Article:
Bio

Professional Education


  • Doctor of Philosophy, University of Michigan Ann Arbor (2009)

Stanford Advisors


Research & Scholarship

Current Research and Scholarly Interests


Corticosteroid impacts on neural correlates of emotion. My research focuses on harnessing what we learn from neuroimaging studies in psychiatric populations and from studying healthy people to improve and develop novel/add-on therapeutic techniques for the treatment of depression.

Publications

Journal Articles


  • The long-term impact of early adversity on late-life psychiatric disorders. Current psychiatry reports Gershon, A., Sudheimer, K., Tirouvanziam, R., Williams, L. M., O'Hara, R. 2013; 15 (4): 352-?

    Abstract

    Early adversity is a strong and enduring predictor of psychiatric disorders including mood disorders, anxiety disorders, substance abuse or dependence, and posttraumatic stress disorder. However, the mechanisms of this effect are not well understood. The purpose of this review is to summarize and integrate the current research knowledge pertaining to the long-term effects of early adversity on psychiatric disorders, particularly in late life. We explore definitional considerations including key dimensions of the experience such as type, severity, and timing of adversity relative to development. We then review the potential biological and environmental mediators and moderators of the relationships between early adversity and psychiatric disorders. We conclude with clinical implications, methodological challenges and suggestions for future research.

    View details for DOI 10.1007/s11920-013-0352-9

    View details for PubMedID 23443532

  • Exogenous Glucocorticoids Decrease Subgenual Cingulate Activity Evoked by Sadness NEUROPSYCHOPHARMACOLOGY Sudheimer, K. D., Abelson, J. L., Taylor, S. F., Martis, B., Welsh, R. C., Warner, C., Samet, M., Manduzzi, A., Liberzon, I. 2013; 38 (5): 826-845

    Abstract

    The glucocorticoid hormone cortisol is known to have wide-ranging effects on a variety of physiological systems, including the morphology and physiology of the amygdala and hippocampus. Disruptions of cortisol regulation and signaling are also linked with psychiatric disorders involving emotional disturbances. Although there is much evidence to suggest a relationship between cortisol signaling and the brain physiology underlying emotion, few studies have attempted to test for direct effects of cortisol on the neurophysiology of emotion. We administered exogenous synthetic cortisol (hydrocortisone, HCT) using two different dosing regimens (25 mg/day over 4 days, 100 mg single dose), in a double-blind placebo-controlled functional magnetic resonance imaging (fMRI) study. During fMRI scanning, healthy subjects viewed images designed to induce happy, sad, and neutral emotional states. Subjective emotional reactions were collected for each experimental stimulus after fMRI scanning. Mood ratings were also collected throughout the 4 days of the study. Both dose regimens of HCT resulted in decreased subgenual cingulate activation during sadness conditions. The 25 mg/day regimen also resulted in higher arousal ratings of sad stimuli. No effects of HCT were observed on any mood ratings. Few reliable effects of HCT were observed on brain activity patterns or subjective emotional responses to stimuli that were not sad. The inhibitory effects of cortisol on sadness-induced subgenual cingulate activity may have critical relevance to the pathophysiology of major depression, as both subgenual hyperactivity and decreased sensitivity to cortisol signaling have been documented in patients with depression.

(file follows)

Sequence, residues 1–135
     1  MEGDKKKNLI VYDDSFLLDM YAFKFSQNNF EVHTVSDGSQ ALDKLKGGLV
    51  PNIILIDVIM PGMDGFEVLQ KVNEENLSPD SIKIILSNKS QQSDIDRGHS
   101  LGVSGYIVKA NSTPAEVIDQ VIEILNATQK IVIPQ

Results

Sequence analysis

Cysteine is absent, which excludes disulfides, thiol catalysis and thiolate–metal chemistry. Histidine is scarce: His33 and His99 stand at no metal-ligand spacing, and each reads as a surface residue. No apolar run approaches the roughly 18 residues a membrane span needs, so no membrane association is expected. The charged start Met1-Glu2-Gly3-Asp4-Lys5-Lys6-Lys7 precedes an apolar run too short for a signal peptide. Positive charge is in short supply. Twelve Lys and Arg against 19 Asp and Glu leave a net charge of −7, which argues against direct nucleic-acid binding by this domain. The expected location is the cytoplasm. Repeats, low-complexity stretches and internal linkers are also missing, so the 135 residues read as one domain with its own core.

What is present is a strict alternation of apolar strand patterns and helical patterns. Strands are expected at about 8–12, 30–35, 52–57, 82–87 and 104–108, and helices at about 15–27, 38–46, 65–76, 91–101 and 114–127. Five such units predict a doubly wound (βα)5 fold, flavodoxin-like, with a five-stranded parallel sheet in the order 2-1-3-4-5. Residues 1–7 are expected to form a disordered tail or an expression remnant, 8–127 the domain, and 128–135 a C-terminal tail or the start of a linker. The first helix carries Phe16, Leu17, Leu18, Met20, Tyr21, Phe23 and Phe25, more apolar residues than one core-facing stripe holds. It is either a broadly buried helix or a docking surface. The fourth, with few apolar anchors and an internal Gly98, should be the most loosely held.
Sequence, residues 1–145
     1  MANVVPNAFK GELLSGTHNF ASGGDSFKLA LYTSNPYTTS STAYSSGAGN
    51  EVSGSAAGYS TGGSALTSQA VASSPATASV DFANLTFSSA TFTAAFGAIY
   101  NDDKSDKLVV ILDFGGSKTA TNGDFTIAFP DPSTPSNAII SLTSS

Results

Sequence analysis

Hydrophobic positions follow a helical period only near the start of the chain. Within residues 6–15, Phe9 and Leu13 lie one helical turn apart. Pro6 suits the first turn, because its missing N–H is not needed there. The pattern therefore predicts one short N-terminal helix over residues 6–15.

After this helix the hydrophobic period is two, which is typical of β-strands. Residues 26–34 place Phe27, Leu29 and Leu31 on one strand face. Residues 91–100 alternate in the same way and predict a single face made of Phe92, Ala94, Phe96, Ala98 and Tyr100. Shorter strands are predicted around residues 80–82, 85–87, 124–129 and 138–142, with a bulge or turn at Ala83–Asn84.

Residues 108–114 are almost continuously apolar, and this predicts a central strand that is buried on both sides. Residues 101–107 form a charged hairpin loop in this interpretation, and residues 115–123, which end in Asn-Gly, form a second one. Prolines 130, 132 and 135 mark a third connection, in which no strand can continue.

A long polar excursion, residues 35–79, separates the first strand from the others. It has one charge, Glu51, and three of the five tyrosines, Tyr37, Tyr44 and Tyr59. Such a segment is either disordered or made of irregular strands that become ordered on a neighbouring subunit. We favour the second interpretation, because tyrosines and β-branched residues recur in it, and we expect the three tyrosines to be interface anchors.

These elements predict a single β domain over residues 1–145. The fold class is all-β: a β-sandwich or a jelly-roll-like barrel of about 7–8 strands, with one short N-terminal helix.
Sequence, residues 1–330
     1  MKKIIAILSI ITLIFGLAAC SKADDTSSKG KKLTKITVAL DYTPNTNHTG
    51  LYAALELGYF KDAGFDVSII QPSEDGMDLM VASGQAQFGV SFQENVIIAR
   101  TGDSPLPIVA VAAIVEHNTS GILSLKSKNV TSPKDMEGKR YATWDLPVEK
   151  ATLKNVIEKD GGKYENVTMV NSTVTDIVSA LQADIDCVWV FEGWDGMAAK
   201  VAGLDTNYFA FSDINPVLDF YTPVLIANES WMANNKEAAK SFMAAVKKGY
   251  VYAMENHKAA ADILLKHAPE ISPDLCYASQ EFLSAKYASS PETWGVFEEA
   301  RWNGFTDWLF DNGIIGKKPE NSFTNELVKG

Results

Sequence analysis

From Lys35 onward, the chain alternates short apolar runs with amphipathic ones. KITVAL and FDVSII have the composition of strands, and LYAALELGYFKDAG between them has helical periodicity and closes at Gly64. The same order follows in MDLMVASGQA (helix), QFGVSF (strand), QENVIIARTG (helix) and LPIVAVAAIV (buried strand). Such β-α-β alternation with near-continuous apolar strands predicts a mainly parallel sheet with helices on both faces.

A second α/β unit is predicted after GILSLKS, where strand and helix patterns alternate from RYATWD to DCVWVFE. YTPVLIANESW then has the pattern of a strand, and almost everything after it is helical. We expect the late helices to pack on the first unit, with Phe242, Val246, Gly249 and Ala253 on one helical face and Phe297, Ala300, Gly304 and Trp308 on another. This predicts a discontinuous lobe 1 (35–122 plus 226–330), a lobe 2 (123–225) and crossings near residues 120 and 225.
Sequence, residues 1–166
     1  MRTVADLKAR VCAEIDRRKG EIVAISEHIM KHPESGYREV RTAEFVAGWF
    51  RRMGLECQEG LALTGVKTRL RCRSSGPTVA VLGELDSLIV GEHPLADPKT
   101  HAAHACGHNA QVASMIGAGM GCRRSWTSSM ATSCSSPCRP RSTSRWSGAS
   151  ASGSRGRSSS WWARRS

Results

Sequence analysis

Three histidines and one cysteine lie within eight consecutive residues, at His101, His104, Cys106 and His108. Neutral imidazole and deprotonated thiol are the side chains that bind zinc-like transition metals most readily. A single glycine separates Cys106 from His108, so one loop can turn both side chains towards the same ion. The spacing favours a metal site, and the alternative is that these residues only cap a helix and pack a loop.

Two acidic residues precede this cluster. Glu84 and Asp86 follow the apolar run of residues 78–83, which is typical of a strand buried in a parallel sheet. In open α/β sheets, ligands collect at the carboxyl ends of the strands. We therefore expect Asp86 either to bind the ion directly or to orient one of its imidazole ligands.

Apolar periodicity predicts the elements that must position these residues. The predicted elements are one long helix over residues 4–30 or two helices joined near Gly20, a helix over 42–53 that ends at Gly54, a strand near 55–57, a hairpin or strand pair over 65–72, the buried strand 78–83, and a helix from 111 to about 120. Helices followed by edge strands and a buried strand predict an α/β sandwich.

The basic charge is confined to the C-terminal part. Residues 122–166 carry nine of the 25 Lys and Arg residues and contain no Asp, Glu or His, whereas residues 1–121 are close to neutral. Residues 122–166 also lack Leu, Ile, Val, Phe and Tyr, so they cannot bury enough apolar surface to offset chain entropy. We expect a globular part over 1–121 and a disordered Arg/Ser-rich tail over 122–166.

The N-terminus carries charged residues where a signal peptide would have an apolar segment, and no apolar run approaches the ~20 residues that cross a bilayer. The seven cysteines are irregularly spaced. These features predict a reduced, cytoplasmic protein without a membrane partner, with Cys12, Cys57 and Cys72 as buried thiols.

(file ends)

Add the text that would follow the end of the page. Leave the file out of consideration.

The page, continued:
View details for DOI 10.1038/npp.2012.249

    View details for Web of Science ID 000316161300012

    View details for PubMedID 23303057

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